What Is a Coma Like?

What Is a Coma Like?

If you have a loved one who is currently in a coma or is at risk of sliding into one, you may wonder what happens during a coma. Learning what a coma patient may go through will help you figure out how to best care for them.

This article will cover in detail what’s it like to be in a coma and answer questions like “Do people dream in comas?”

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Q: What Is a Coma?

A: A coma is defined as an extended period of unconsciousness. A person in a coma is unresponsive to their surroundings. The person is awake yet appears to be sleeping. However, unlike in deep sleep, no stimulation, including pain, may wake the person up.

Q: What Leads To a Coma?

A: Brain damage is the most common cause of comas. Increased pressure, haemorrhage, oxygen deprivation, or toxin build-up can all cause brain damage.  Temporary or permanent injuries are possible.

More than half of all comas are caused by head trauma or problems with the brain’s circulatory system.

Q: How Does It Feel To Be in a Coma?

A: A coma is comparable to a dream because the patient is still alive, but he or she is not aware. When there is little to no brain activity, a coma occurs. Touch, music, and other stimuli do not affect the patient. A person in a coma is also unlikely to cough, sneeze, or interact in any manner. Some people in a coma can breathe on their own, but for the most part, they need the assistance of a machine to do so.

Do People Dream in a Coma?

A: Many people who have woken up from comas have reported having dreams in which they saw something from the outer world. Others have had dreams that seemed to stretch on and on.

A person’s ability to dream is most likely determined by the underlying medical condition that put them in a coma. It is impossible to remember visual dreams if the visual brain has been severely injured, and it is impossible to hear voices in dreams if the auditory cortex has been severely damaged. Normally occurring dreams will not be possible in the event of damage to the reticular activating system, which is responsible for controlling the sleep-wakefulness cycle, although other dream-like states might.

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Q: Can You Hear in a Coma?

A: Individuals who are unconscious during comas cannot respond to any sounds. It’s possible, though, that the brain can still detect the voices of loved ones. Some studies have shown that speaking and touching a loved one while they are in a coma may aid their recovery.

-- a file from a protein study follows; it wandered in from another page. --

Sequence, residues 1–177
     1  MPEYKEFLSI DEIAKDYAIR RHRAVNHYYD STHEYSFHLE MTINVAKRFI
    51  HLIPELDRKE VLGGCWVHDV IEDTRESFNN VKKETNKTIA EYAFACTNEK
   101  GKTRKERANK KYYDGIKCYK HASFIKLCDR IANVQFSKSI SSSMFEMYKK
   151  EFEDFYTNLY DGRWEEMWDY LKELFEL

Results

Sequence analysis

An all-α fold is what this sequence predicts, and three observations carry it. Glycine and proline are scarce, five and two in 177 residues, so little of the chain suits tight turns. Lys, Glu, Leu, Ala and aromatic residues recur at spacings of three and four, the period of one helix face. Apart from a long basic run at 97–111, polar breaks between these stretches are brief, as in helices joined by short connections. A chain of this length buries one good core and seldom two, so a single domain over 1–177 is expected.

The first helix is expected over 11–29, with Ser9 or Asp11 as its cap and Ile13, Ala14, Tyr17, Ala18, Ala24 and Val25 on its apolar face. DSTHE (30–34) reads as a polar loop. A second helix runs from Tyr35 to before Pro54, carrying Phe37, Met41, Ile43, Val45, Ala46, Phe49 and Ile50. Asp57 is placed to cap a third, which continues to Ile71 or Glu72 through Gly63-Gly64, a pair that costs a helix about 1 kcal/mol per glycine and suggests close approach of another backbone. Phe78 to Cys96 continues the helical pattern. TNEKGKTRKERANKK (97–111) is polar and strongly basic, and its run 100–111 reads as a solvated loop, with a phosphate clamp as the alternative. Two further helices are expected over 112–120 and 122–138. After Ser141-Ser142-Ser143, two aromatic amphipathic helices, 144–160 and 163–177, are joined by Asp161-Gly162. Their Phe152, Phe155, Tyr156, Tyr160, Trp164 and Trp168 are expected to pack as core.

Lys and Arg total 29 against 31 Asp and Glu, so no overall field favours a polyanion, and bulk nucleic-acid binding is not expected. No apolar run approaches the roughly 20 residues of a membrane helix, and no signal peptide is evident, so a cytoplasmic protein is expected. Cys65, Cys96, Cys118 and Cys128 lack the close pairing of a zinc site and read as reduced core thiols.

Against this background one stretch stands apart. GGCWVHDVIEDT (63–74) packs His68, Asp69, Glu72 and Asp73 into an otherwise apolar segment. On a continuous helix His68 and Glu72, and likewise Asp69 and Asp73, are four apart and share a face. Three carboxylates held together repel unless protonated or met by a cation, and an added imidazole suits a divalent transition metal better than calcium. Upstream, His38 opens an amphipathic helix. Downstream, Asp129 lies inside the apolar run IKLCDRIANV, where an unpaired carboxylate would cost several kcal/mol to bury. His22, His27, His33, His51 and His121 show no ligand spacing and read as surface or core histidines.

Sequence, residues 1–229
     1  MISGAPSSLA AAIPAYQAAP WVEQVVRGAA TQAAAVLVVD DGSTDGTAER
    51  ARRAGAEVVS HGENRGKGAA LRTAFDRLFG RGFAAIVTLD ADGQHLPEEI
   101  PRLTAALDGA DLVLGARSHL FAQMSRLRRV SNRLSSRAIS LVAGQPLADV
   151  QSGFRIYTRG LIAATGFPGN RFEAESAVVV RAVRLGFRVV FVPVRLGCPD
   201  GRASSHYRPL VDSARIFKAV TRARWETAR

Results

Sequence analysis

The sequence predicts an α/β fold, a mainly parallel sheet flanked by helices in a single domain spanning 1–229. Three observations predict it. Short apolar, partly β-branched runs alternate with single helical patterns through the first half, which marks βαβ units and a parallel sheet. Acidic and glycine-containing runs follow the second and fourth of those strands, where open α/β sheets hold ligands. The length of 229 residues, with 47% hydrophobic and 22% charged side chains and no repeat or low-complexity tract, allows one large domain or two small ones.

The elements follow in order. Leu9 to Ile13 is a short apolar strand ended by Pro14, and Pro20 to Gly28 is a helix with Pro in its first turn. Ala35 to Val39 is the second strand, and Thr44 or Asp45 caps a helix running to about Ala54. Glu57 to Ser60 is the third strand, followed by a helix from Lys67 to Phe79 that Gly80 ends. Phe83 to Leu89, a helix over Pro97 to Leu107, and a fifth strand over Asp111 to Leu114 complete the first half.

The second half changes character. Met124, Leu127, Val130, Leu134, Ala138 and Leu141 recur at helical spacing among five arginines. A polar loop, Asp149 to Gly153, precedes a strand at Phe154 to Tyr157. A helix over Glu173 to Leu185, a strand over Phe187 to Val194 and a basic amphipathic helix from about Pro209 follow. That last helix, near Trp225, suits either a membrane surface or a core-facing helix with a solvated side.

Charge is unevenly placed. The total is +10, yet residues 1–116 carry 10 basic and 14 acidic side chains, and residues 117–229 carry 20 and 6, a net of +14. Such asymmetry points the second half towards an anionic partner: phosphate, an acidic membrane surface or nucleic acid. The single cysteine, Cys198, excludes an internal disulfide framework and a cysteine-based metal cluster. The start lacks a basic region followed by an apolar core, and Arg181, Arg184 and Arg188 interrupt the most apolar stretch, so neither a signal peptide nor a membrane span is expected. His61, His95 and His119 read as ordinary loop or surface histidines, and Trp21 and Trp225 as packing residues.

With that said, what happens in a coma differs from patient to patient. People in comas say they may recall specific things that happened while they were asleep, but many others say they have no recollection of their time there.

Q: How Long Can You Be in a Coma?

A: A coma usually lasts no longer than a few weeks. However, sometimes a person remains in a coma for a long period — even years — and is only able to breathe on his or her own.

Q: What Happens After a Coma?

A: The majority of people wake up from their comas. Some of them can resume their previous lives before being ill. The extent to which someone recovers from a coma is determined by the cause of the coma and the extent to which the brain has been damaged. People who recover from comas are sometimes the same as they were before the coma; they recall what happened before the coma and can do everything they could do before. Others may require therapy to relearn basic skills.

Some people who have been in a coma for an extended period go into a vegetative condition or die. While some coma survivors may be left with substantial or mild disabilities.

Q: Is There an Effective Coma Treatment?

The treatment for a coma is determined by the cause. Those who are close to the comatose patient must provide the medical team with as much information as possible to aid in the investigation into the causes of the condition. Treating potentially reversible diseases requires prompt medical care. Antibiotics may be required if a brain infection exists. If a diabetic shock occurs, glucose may be necessary. Surgeons may be required to remove a tumor or relieve pressure on the brain caused by swelling.

People who are in a coma are cared for in an intensive care unit, and they may require complete life support until their condition improves.

For Those With a Loved One in a Coma

A coma is a serious medical condition. To save life and brain function, quick action is required. Contact us at All American Hospice today to learn more about what your loved one might go through if they slip into a coma. Our hospice care specialists can answer your questions and educate you about the entire process.

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